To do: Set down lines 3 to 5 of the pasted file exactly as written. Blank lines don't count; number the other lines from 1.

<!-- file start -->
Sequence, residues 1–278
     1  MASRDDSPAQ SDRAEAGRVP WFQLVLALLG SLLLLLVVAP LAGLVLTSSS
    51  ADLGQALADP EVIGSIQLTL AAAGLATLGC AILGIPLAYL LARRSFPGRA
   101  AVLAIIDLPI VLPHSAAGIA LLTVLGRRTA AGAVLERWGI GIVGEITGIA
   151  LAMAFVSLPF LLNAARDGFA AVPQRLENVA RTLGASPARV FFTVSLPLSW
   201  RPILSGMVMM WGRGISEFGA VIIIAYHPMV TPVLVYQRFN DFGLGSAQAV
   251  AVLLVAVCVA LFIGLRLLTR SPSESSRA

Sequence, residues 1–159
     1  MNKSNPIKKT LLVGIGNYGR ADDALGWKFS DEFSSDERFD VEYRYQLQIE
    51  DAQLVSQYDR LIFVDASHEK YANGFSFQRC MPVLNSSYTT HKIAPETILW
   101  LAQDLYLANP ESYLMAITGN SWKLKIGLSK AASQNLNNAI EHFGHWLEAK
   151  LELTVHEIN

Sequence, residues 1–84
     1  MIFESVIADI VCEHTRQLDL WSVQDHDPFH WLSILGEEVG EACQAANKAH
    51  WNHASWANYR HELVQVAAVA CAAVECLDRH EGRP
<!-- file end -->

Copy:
    51  ADLGQALADP EVIGSIQLTL AAAGLATLGC AILGIPLAYL LARRSFPGRA
   101  AVLAIIDLPI VLPHSAAGIA LLTVLGRRTA AGAVLERWGI GIVGEITGIA
   151  LAMAFVSLPF LLNAARDGFA AVPQRLENVA RTLGASPARV FFTVSLPLSW